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The Autobiography of Benjamin Franklin
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The Autobiography of Benjamin Franklin
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  • ...the habit of expressing myself in terms of modest diffidence; never using, when I advanced any thing that may possibly be disputed, the words certainly, undoubtedly, or any others that give the air of positiveness to an opinion; but rather say, I conceive or apprehend a thing to be so and so; it appears to me, or...
  • Pope says, judiciously: "Men should be taught as if you taught them not, And things unknown propos’d as things forgot;" farther recommending to us "To speak, tho’ sure, with seeming diffidence."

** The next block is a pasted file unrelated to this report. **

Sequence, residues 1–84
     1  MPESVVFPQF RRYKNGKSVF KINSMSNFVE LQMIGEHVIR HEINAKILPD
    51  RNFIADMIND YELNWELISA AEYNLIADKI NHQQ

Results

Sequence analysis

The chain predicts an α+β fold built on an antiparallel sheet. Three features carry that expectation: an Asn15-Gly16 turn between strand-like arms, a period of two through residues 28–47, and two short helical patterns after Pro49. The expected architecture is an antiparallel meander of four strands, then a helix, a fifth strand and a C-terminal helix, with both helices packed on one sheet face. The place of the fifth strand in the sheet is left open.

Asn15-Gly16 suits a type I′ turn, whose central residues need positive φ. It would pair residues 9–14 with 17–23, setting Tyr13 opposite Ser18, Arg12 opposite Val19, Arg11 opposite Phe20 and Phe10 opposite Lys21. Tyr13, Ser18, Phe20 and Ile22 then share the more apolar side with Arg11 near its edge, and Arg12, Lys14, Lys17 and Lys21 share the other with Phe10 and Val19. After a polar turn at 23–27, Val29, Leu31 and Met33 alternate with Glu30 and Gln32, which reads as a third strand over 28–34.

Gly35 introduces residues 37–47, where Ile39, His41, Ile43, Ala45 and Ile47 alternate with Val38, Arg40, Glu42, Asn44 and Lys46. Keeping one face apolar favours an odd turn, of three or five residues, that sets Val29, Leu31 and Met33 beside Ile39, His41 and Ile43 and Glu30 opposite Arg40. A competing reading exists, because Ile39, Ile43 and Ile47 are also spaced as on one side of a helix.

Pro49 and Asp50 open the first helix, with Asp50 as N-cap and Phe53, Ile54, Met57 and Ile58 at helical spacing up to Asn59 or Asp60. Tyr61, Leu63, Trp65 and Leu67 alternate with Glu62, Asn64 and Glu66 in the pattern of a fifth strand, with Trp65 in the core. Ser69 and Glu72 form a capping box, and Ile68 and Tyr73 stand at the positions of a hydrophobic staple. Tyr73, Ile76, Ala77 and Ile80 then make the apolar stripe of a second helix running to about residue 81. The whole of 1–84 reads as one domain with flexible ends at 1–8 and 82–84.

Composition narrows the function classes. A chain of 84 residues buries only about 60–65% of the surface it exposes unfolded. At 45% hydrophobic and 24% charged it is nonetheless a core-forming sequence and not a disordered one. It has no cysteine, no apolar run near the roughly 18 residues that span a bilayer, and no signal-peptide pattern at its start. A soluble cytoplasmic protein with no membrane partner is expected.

• Various concerns have for some time past prevented this letter being written, and I do not know whether it was worth any expectation; happening to be at leisure, however, at present, I shall by writing, at least interest and instruct myself; but as the terms I am inclined to use may tend to offend a person of your manners, I shall only tell you how I would address any other person, who was as good and as great as yourself, but less diffident.

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  • She is diffident around adults, but dominant with her peer group.
  • At first, he could give no encouragement; with unfeigned diffidence, he expressed his conviction that he was not adequate to the performance of so great a task;
    Frederick Douglass  --  The Narrative of the Life of Frederick Douglass

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